This is the "Getting Started" page of the "MLA Citations" guide.
Alternate Page for Screenreader Users
Skip to Page Navigation
Skip to Page Content
How to cite research resources using MLA style
Last Updated: Aug 4, 2014 URL: Print Guide RSS Updates

Getting Started Print Page


Plagiarism is a serious academic offense. If you do it deliberately, it is considered cheating. If caught, students could face penalties up to and including expulsion from the college.  Columbus State Community College addresses plagiarism in the Student Code of Conduct, Academic Misconduct, Policy No. 7-10. Plagiarism is:

  • Submitting an assignment purporting to be the student's original work which has been wholly or partly created by another person.
  • Presenting as one's own the ideas, organization, or wording of another person without acknowledgment of sources.
  • Knowingly permitting one's own work to be submitted by another student as if it were the student's own.

Students can accidentally plagiarize when they fail to cite their sources accurately or misplace them in the document.


What's in This Guide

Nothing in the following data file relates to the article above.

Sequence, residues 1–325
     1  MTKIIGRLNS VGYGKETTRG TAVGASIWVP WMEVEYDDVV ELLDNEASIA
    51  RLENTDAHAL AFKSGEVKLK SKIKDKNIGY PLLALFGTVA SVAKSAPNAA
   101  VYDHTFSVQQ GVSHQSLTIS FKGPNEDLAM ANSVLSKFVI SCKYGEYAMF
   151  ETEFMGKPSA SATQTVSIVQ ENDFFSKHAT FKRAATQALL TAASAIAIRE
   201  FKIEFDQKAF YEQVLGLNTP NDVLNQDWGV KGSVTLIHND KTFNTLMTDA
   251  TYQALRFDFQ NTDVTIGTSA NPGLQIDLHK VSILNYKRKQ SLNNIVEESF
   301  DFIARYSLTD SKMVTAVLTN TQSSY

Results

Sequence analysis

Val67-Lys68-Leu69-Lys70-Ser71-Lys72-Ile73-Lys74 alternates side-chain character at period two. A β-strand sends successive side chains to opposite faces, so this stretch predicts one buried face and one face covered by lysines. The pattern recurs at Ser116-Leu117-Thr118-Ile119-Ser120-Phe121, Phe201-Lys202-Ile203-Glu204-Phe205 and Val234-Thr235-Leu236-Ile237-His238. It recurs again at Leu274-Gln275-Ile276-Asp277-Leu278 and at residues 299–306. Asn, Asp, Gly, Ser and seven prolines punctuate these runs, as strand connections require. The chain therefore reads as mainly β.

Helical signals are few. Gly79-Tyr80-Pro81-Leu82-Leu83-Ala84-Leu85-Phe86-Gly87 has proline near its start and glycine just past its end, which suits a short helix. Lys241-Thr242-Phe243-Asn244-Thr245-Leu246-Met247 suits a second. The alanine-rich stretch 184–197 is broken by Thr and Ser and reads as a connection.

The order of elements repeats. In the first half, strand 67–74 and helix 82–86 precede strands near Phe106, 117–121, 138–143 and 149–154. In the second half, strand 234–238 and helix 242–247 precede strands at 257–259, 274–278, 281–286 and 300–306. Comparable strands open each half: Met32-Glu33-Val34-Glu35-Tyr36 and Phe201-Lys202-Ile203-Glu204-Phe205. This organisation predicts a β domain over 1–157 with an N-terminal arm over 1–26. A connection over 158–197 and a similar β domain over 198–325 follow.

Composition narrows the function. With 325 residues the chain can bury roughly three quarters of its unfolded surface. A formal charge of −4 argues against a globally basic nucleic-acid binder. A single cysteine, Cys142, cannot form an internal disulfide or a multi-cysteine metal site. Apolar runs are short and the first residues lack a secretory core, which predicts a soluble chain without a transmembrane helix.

This guide will help you learn how to cite sources in MLA format. Specifically, you will learn to:

  • Cite sources for the Works Cited page
  • Create in-text or parenthetical citations in the body of your paper
  • Format your research paper
  • Cite legal sources and government documents
  • Evaluate and use citation generators

What is a Citation?

When you write a research paper, you will read research that others have performed before you. You need to mention (or cite), the sources that you used. At the end of the paper, you will create a list of those sources in alphabetical order. In MLA format, the list is called Works Cited;  Sometimes, this list is referred to as a Bibliography.


Why Cite Sources?

  • To give credit to the original author. If you quote or paraphrase someone else's words or ideas, you must cite the source.
  • A quotation uses the exact words of the author.

  • A paraphrase accurately states all the relevant information from a passage in your own words and sentence structures
  • To allow readers to locate and explore the sources you used in your research

  • To avoid plagiarism.

MLA Handbook, 7th ed.

Citation examples in this guide are based on:

Cover Art
MLA Handbook for Writers of Research Papers
Call Number: 808.027 M6859
ISBN: 9781603290241
Publication Date: 2009


Library Privacy & Confidentiality Statement
Library Code of Conduct

Loading  Loading...